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Int. J. Environ. Res. Public Health 2015, 12(10), 12110-12126; doi:10.3390/ijerph121012110

Residential Radon Exposure and Incidence of Childhood Lymphoma in Texas, 1995–2011

1
Department of Pediatrics, Section of Hematology-Oncology, Baylor College of Medicine, One Baylor Plaza, MS BCM305, Houston, TX 77030, USA
2
Birth Defects Epidemiology and Surveillance Branch, Texas Department of State Health Services, MC 1964, P.O. Box 149347, Austin, TX 78714-9347, USA
*
Author to whom correspondence should be addressed.
Academic Editors: Helena Solo-Gabriele and Alesia Ferguson
Received: 4 August 2015 / Revised: 11 September 2015 / Accepted: 21 September 2015 / Published: 25 September 2015
(This article belongs to the Special Issue Children’s Exposure to Environmental Contaminants)
View Full-Text   |   Download PDF [741 KB, uploaded 28 September 2015]   |  

Abstract

There is warranted interest in assessing the association between residential radon exposure and the risk of childhood cancer. We sought to evaluate the association between residential radon exposure and the incidence of childhood lymphoma in Texas. The Texas Cancer Registry (n = 2147) provided case information for the period 1995–2011. Denominator data were obtained from the United States Census. Regional arithmetic mean radon concentrations were obtained from the Texas Indoor Radon Survey and linked to residence at diagnosis. Exposure was assessed categorically: ≤25th percentile (reference), >25th to ≤50th percentile, >50th to ≤75th percentile, and >75th percentile. Negative binomial regression generated adjusted incidence rate ratios (aIRR) and 95% confidence intervals (CI). We evaluated lymphoma overall and by subtype: Hodgkin (HL; n = 1248), Non-Hodgkin excluding Burkitt (non-BL NHL; n = 658), Burkitt (BL; n = 241), and Diffuse Large B-cell (DLBCL; n = 315). There was no evidence that residential radon exposure was positively associated with lymphoma overall, HL, or BL. Areas with radon concentrations >75th percentile had a marginal increase in DLBCL incidence (aIRR = 1.73, 95% CI: 1.03–2.91). In one of the largest studies of residential radon exposure and the incidence of childhood lymphoma, we found little evidence to suggest a positive or negative association; an observation consistent with previous studies. View Full-Text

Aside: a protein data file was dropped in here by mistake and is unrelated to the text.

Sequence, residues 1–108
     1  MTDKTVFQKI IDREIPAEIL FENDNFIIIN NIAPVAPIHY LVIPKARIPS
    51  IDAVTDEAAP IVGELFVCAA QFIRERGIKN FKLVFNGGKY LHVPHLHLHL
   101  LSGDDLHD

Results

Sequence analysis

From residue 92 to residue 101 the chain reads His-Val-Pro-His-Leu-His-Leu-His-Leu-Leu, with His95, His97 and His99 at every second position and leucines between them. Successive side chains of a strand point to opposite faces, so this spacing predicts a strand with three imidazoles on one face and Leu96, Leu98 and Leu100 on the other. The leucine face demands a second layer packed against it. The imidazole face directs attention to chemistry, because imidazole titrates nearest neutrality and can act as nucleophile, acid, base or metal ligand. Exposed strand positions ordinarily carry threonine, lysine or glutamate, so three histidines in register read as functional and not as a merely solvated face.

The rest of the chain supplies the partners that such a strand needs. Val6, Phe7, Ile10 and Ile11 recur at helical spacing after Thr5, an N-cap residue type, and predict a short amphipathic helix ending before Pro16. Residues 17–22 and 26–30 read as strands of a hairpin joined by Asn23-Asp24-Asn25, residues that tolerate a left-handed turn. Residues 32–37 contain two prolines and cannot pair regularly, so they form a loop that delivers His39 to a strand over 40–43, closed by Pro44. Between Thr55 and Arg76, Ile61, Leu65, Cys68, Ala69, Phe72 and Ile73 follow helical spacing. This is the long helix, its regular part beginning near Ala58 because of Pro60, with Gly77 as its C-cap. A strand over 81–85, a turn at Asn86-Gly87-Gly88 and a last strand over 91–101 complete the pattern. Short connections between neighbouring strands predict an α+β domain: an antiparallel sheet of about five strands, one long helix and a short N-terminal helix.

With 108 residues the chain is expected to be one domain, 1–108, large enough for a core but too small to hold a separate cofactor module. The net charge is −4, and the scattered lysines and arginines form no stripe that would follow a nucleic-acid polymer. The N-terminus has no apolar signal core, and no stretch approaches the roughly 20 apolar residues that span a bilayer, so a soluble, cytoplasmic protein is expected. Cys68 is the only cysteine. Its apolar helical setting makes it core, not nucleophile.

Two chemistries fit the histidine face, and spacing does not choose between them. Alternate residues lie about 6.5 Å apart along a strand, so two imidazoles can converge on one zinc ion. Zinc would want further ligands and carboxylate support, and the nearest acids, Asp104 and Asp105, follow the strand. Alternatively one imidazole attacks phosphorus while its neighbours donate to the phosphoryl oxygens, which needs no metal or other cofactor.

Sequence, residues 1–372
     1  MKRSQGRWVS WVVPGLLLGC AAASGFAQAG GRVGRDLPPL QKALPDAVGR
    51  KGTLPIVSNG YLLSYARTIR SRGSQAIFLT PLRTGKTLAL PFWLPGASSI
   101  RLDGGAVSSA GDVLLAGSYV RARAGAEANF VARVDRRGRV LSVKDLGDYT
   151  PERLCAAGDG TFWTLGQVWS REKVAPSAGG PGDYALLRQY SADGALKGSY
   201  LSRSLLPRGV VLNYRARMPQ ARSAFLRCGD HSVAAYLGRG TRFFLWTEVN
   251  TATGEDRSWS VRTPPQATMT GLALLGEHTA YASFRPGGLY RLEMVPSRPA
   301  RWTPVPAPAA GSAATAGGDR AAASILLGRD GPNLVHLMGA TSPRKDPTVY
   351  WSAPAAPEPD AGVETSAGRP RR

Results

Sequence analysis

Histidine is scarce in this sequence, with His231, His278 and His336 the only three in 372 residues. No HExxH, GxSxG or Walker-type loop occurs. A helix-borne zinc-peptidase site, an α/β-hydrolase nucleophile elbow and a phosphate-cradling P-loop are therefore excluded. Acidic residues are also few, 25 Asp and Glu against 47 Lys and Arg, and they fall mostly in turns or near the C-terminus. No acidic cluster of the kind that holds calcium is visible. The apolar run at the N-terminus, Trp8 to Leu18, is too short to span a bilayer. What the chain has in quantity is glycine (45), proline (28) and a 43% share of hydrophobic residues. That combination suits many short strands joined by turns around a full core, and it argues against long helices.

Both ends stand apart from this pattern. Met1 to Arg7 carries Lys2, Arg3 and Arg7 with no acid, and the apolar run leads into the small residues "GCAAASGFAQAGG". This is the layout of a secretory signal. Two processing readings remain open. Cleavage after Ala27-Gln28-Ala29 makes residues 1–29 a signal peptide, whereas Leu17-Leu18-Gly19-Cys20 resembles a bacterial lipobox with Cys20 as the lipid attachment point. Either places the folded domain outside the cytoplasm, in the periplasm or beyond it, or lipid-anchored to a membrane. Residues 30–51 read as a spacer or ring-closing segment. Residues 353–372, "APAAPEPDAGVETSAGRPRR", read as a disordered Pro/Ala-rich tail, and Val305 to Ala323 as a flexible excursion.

Keywords: childhood cancer; epidemiology; lymphoma; residential radon; Texas Cancer Registry childhood cancer; epidemiology; lymphoma; residential radon; Texas Cancer Registry
This is an open access article distributed under the Creative Commons Attribution License which permits unrestricted use, distribution, and reproduction in any medium, provided the original work is properly cited. (CC BY 4.0).

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MDPI and ACS Style

Peckham, E.C.; Scheurer, M.E.; Danysh, H.E.; Lubega, J.; Langlois, P.H.; Lupo, P.J. Residential Radon Exposure and Incidence of Childhood Lymphoma in Texas, 1995–2011. Int. J. Environ. Res. Public Health 2015, 12, 12110-12126.

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